What do Sean Connery, John F Kennedy, Daniel Craig, Chris Farley, George W. Bush, Bill Clinton, Javier Bardem, and J.R.R. Tolkien all have in common? They all have played rugby! Although they played men’s rugby, the rules are the same for women’s rugby. The pitch, rules, and equipment are all identical, though the histories of the two are very different. No one knows for sure when women’s rugby began, as public reaction to women playing such a physical, contact sport was extremely negative, and even violent. The first report of a women’s rugby game was found in the Liverpool Mercury in June, 1881 and described games with touchdowns, proving at least a version of rugby was played.
In 1895, a series of sporting cigarette cards were published featuring an image of a woman who appears to be holding a rugby ball. However, it is unknown if these cards were just amusing cartoons or an illustration of a game that was being played. The first confirmed record of a woman playing rugby occurred in Enniskillen, Ireland when a young girl played with her brothers’ rugby team, scoring a try. During World War 1, a few women’s charity games were organized, with the women wearing protective headgear (which predates their male counterparts’ use of the headgear by a few decades).
In Sydney, Australia, two women’s teams played in front of a crowd of 30,000 people in 1921; however the local authorities pressured the teams into never playing again in Sydney. Throughout France in the 1920’s, the game was extremely popular and even received support from several male rugby players. The 1960’s decade saw the game beginning to put down roots, especially in the universities of Europe. Initially, the matches were between men’s and women’s teams. This led to the development of the Association Francaise de Rugby Feminin (AFRF) in 1970, following the first fully documented and recorded women’s club match in 1968. This development let the game begin to fully evolve into a world game, with many countries creating teams in the 1980’s.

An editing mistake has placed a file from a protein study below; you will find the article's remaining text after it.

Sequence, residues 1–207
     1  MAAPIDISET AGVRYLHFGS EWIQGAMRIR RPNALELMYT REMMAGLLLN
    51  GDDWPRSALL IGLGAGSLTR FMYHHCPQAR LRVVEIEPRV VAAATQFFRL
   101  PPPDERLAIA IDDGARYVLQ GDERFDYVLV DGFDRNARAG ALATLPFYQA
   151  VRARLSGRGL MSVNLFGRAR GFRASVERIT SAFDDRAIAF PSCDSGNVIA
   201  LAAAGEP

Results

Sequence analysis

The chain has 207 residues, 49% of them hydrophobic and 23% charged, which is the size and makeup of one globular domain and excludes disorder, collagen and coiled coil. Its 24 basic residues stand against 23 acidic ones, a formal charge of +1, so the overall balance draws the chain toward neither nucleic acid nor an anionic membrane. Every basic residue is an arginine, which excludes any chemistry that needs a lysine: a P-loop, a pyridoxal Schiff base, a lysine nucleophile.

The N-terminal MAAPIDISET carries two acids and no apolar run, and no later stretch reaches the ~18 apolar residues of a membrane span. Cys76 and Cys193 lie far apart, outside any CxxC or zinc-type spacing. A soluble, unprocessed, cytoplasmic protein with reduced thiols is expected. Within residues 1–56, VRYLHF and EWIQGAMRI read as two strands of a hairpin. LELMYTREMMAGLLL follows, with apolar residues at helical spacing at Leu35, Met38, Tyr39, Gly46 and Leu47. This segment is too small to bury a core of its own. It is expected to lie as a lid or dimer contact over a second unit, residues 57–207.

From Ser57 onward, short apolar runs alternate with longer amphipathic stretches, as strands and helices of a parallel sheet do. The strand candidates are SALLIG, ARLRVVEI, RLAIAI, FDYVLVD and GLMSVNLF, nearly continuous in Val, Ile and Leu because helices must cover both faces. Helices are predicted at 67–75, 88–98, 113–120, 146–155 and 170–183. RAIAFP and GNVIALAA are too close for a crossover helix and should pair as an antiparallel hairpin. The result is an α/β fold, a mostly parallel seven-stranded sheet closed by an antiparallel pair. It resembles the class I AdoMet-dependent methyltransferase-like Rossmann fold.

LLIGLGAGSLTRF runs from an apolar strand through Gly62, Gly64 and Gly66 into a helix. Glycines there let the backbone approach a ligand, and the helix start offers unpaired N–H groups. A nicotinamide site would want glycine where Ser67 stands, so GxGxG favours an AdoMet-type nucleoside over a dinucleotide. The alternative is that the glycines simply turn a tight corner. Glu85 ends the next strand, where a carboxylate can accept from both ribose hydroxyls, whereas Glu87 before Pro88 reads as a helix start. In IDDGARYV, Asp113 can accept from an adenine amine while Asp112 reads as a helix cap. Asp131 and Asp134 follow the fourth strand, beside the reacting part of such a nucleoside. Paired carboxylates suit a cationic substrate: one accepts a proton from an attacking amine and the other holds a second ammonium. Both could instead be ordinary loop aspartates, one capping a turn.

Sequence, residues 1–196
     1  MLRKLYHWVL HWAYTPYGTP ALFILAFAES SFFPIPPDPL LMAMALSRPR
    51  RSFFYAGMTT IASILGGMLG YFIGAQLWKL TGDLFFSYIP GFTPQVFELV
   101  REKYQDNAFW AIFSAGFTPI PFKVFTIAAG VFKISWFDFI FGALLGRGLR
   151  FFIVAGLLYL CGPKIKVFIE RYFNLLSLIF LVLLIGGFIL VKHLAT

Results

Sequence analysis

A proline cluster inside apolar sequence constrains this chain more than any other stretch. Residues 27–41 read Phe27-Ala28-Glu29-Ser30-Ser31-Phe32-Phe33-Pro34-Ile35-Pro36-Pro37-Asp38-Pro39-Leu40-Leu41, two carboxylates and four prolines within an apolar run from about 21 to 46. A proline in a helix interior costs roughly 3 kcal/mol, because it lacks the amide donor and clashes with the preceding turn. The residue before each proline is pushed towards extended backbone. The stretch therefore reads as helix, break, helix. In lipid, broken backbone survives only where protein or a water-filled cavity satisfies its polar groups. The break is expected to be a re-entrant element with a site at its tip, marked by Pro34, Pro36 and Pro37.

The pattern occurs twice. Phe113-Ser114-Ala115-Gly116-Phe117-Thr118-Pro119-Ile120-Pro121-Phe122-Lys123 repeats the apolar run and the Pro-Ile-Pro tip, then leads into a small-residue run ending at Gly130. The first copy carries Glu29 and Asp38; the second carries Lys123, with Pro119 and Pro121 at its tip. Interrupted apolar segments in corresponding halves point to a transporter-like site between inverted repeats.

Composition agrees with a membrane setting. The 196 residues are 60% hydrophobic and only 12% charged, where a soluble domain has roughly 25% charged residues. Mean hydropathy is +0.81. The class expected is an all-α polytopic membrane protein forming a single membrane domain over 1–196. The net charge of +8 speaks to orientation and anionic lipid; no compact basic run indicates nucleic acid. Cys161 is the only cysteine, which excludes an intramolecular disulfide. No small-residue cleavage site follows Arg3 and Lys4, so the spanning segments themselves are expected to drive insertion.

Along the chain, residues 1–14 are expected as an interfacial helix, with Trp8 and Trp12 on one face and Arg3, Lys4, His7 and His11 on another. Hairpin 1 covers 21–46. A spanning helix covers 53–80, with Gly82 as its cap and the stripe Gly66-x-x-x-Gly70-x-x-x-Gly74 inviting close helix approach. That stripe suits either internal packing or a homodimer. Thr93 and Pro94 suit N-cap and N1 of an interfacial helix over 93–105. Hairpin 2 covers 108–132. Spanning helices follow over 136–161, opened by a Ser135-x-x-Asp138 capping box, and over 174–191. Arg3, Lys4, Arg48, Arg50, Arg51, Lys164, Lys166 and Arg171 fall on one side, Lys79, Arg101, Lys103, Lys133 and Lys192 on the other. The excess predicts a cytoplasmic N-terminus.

Today, the game of women’s rugby is run by the Women’s International Rugby Board (WIRB), although the Colorado School of Mines Women’s Rugby team is governed by USA Rugby. The team here at Mines plays local games against women’s teams such as the Boulder Babes and the Denver Black Ice. This environment allows the team to compete within their skill level.
This semester, the team will be playing in the Valentine’s Day Massacre Tournament on February 16, 2013 in the snow in Breckenridge, CO. This will be their only tournament this semester, as they are mainly a fall sport. This year, the team has reached an all-time high for participation, with over 25 members! The team is always looking for anyone with an interest in the sport with any skill level. For more information, please contact the team at email@example.com for more information or visit their website at http://recsports.mines.edu/REC-Club-Sports-Women-Rugby.